First, in contrast to the view of the Bible I had been taught as a child, that the Bible was essentially written by God and that apparent contradictions could be harmonized to make the Bible read like a logically airtight divine term paper, I began to see the human influence on the Bible. In fact, the Bible is a collection of books written by various authors, more like a library than a term paper, and no one would expect all of the works in a library to agree with one another on every topic.
Second, regardless of what each Christian believes about same sex relationships, almost no American Christian obeys all New Testament commands. For example, in 1 Corinthians 11, Paul cites six reasons women should wear head coverings during worship gatherings. Of course, very few American Christians retain this practice. Also in this passage, it seems that women are permitted to pray and prophesy during worship, while in 1 Corinthians 14:34, women are commanded to remain silent. Again, this raises questions about biblical authority and how to thoughtfully interpret the Bible consistently. The role of women in worship is still a difficult subject for many Christians.
Third, regarding same sex relationships, compared to the controversy surrounding the issue in our culture, the Bible says shockingly little about them, and the context of these verses is extremely important. There are over 31,000 verses in the Bible — only six or seven of those appear to condemn same-sex relationships. Sometimes referred to as the “clobber passages” because of their unfortunate misuse, these passages were influenced by ancient culture, as was the whole of the Bible.
In contrast, over 2,000 verses in the Bible address the injustice of poverty. If one were determined to pass laws based on the Bible, legislation giving greater opportunity to the poor would likely be first on the list. Unfortunately, it seems that instead of addressing poverty, some leaders and groups have used these six or seven clobber passages out of 31,000 verses for political purposes.
The American understanding of religious liberty means that we are each free to hold our own religious views regarding LGBTQ rights. In fact, the pilgrims who settled the earliest American colonies immigrated to the New World to escape theocracy. The earliest settlers in the colonies were religious separatists who did not want to be forced to worship in the state sponsored Church of England. To them, religious liberty meant that they could practice their own religion instead of being forced to practice the religion of the state.
This is at least partially why, in American courts, religious liberty has generally not been used as grounds for a business owner to deny service to her or his customers.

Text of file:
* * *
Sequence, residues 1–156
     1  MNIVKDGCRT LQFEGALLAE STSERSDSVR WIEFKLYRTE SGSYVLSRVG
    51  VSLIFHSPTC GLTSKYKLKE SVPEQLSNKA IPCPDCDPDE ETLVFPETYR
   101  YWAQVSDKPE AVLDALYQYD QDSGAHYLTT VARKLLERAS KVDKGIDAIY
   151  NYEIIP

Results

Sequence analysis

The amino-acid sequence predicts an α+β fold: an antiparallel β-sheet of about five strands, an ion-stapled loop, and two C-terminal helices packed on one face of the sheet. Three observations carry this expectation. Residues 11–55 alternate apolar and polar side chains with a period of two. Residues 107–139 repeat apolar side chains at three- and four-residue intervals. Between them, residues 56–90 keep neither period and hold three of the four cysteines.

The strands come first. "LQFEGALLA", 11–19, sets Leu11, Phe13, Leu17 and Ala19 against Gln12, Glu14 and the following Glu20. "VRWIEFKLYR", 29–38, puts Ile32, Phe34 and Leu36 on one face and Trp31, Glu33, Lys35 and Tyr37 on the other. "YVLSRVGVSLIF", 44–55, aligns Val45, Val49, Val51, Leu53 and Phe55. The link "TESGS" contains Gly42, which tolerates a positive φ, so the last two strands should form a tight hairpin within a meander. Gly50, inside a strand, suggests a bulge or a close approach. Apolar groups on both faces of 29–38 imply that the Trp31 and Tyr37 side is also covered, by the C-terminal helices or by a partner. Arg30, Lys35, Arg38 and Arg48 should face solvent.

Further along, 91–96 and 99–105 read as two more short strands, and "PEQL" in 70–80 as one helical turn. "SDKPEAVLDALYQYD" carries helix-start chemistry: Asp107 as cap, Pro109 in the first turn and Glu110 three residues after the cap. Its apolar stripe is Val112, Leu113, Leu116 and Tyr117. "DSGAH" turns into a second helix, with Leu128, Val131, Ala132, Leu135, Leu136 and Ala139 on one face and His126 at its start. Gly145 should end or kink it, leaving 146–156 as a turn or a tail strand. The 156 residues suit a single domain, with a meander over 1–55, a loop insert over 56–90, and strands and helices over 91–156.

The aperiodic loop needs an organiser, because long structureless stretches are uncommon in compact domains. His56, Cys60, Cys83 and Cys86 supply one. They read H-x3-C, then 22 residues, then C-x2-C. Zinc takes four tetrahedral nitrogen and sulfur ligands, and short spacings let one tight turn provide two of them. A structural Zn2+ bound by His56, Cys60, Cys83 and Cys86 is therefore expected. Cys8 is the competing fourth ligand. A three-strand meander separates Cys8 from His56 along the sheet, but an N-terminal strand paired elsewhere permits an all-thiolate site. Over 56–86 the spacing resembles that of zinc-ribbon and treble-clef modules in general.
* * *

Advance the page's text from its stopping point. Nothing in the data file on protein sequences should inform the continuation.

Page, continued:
A 2016 report from The Leadership Conference finds:
“Courts have generally declined to recognize a religious right to discriminate that would trump a government’s interest in combating discrimination. In a 2013 case involving a wedding photographer, the New Mexico Supreme Court unanimously upheld a finding that the business had violated the state’s human rights ordinance by refusing to photograph a same-sex couple’s commitment ceremony.
In a concurring opinion, Judge Richard Bosson wrote that the business owners ‘are free to think, to say, to believe, as they wish, they may pray to the God of their choice and follow those commandments in their personal lives wherever they lead.’ But, he said, in operating a business, the owners have to channel their conduct, calling it a compromise that “is part of the glue that holds us together as a nation, the tolerance that lubricates the varied moving parts of us as a people.” It is, he wrote, “the price of citizenship.”
In the United States, business owners cannot legally deny service to persons based on their religious differences or sexual orientation, and the Phoenix anti-discrimination law will likely be upheld. Religious liberty does not entitle a business owner to deny service to any population.
Religious liberty does mean, however, that Christian business owners have the freedom to wrestle with issues of biblical interpretation according to their own consciences, as long as they do not infringe upon the rights of others. In fact, it is the American concept of religious liberty that gave me the freedom to change my mind and affirm the dignity, worth, and rights of same sex couples.